Over on the Crooked Timber Comments, Richard Tol Nominates Himself for This Year's Stupidest Known Animal Award
Richard Tol 11.26.11 at 9:11 pm: My original post was serious and not. I did not seriously think that a few descriptive statistics about migrants in Europe could tell us anything about the impacts of climate change. I do think that there is serious problem with the “2K warming is dangerous” theme. Otto Pohl demonstrates that humans can experience drastic climate change and live to blog the tale. It is odd that a species that lives on the equator and on the pole, in the desert and in the rainforest, is worried about climate change.
ddave heasman 11.26.11 at 9:14 pm: “It is odd that a species that lives on the equator and on the pole, in the desert and in the rainforest, is worried about climate change.” Species don’t worry; people do. All of us living in temperate climes that might be overrun by hundreds of millions of desperate refugees worry at least a little.
Richard Tol 11.26.11 at 9:18 pm: @dave: Why do you worry about that prospect? At the moment, there are hundreds of millions of desperate people would love to overrun Europe and North America. They do not. Immigration barriers are pretty effective. Why would that be any different in the future?
Barry Freed 11.26.11 at 9:24 pm: “It is odd that a species that lives on the equator and on the pole, in the desert and in the rainforest, is worried about climate change.” It’s odd that a professor of the economics of climate change could make such a statement seriously. What about all the other species that inhabit the planet that do not have the same adaptability as human beings? Many of which we depend on economically, I might add.
William Timberman 11.26.11 at 9:26 pm: Omigod.
Gareth Rees 11.26.11 at 9:42 pm: In a way this kind of thing is encouraging: it’s a sign that the “warming isn’t happening” line of denial is no longer convincing to anyone, so people are forced back to the next line of defence, which is “the effects of warming will not be all that bad [at least for people who don’t live near the coast, or depend on glacier-fed water supplies, or rely on crops grown in marginal areas, etc]”. (After that line is no longer convincing either, the line after that will be, “tough luck, there’s nothing we can do about it anyway.” Coming to a blog near you in a few years’ time.)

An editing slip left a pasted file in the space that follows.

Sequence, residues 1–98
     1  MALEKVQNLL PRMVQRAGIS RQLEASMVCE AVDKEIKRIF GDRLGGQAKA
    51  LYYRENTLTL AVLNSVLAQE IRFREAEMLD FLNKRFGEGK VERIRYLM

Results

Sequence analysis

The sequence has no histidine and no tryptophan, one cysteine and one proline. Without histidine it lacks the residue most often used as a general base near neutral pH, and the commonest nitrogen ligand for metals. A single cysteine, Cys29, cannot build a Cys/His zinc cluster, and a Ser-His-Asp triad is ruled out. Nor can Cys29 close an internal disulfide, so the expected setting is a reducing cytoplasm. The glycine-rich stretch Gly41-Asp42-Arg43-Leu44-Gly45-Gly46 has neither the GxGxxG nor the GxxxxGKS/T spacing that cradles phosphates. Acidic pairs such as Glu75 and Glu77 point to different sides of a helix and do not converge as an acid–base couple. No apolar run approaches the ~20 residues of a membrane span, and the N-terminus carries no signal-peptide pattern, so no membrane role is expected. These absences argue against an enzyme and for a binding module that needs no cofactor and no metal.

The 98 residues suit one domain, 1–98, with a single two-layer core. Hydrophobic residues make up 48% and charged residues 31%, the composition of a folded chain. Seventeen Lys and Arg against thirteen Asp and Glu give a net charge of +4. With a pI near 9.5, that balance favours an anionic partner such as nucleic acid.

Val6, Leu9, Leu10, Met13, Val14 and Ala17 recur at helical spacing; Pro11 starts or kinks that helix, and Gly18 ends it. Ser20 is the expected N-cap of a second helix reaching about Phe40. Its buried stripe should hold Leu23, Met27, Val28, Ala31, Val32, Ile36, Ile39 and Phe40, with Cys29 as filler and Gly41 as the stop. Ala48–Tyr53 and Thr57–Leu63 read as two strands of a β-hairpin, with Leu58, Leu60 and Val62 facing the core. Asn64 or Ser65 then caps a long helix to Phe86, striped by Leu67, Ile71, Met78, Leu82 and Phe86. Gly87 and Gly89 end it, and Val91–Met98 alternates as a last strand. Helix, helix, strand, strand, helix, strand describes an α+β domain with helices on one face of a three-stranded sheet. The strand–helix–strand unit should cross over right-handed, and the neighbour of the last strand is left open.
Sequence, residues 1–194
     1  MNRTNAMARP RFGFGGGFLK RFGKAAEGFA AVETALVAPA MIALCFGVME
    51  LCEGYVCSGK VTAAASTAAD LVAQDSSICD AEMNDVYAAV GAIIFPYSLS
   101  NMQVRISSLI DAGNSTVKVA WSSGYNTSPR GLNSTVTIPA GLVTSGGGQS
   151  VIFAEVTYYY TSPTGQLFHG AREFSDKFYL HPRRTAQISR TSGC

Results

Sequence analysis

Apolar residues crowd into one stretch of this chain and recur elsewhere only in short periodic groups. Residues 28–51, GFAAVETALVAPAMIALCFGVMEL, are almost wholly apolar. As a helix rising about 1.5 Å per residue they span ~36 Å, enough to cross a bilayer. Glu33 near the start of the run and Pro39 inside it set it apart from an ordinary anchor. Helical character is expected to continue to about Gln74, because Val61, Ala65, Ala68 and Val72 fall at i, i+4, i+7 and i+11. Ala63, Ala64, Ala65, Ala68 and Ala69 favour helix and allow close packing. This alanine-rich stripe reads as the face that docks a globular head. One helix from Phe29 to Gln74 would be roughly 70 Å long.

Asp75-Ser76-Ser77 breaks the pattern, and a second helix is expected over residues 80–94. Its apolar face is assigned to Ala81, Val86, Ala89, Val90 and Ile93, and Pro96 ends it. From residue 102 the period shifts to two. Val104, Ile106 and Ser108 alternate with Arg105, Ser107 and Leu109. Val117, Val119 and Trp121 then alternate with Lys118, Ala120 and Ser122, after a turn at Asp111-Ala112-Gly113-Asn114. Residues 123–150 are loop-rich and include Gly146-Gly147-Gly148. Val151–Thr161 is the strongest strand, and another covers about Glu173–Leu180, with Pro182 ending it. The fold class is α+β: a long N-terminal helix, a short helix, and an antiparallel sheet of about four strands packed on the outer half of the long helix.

cian 11.26.11 at 9:56 pm: “It is odd that a species that lives on the equator and on the pole, in the desert and in the rainforest, is worried about climate change.” Yes why would anyone worry about rising sea levels, desertification, more extreme weather and the as yet known affects on the ecology of massive changes in the temperature. Not to mention the possibility at some point the methane stored in Siberia will be released causing even worse problems. Obviously this is exactly the same as a professor choosing to take a position at a university with a warmer climate. Or is that the joke?
Alan in SF 11.26.11 at 9:57 pm: Wouldn’t the additional body heat in the warmer economist-vectors accelerate climate change even more? This is worrisome! Although no doubt good news for Dublin.
Richard Tol 11.26.11 at 10:03 pm: @Cian: No joke. An invitation to think. Tokyo subsided by 5 metres in the 20th century. Projected sea level rise for the 21st century is in the order of 0.5 metre. Why would Tokyo worry about a problem one-tenth of the size it has successfully mastered? And if the Japanese could do it in the 20th century, could the Americans do the same in the 21st?
Omega Centauri 11.26.11 at 10:23 pm: This sort of stuff unfortunately has political relevance. Among the intended audience of mid and high latitude dwellers, warmer (weather) is usually thought of as better. So the argument -even if not intended to stand up to scientific relevance has a lot of political salience. A lot of people are closet fans of a warmer planet. Well, Richard it is very unlikely to be .5M, more likely 1-2M per century. And this rate of change will continue for several hundred years. Dealing with inconstant, and rising sealevels will be a serious tax/expense on coastal communities for hundreds of years to come. The benefits of a minor extension in the age of cheap energy will be dissipated within a couple of decades. Not to mention all sorts of other changes away from the conditions upon which the design of our infrastructure -especially stuff like farming practices was predicated upon. And the natural world which humans are as reliant upon as any other creatures, that doesn’t figure in economic analysis -so it doesn’t matter.
Sam Clark 11.26.11 at 10:36 pm: Richard Tol at 43, to dave heasman: ‘Why do you worry about that prospect [of desperate refugees fleeing the effects of climate change]? At the moment, there are hundreds of millions of desperate people would love to overrun Europe and North America. They do not. Immigration barriers are pretty effective. Why would that be any different in the future?’ I don’t want to speak for dave heasman, but I worry about this because I care about other human beings. I therefore think that your comment reveals a pretty repulsive unconcern: ‘why worry? It’ll only be some distant poor people who are hurt by all this climate-change stuff’.
Where does the claim that Tokyo today is 16 feet lower relative to sea level than it was in 1900 comes from?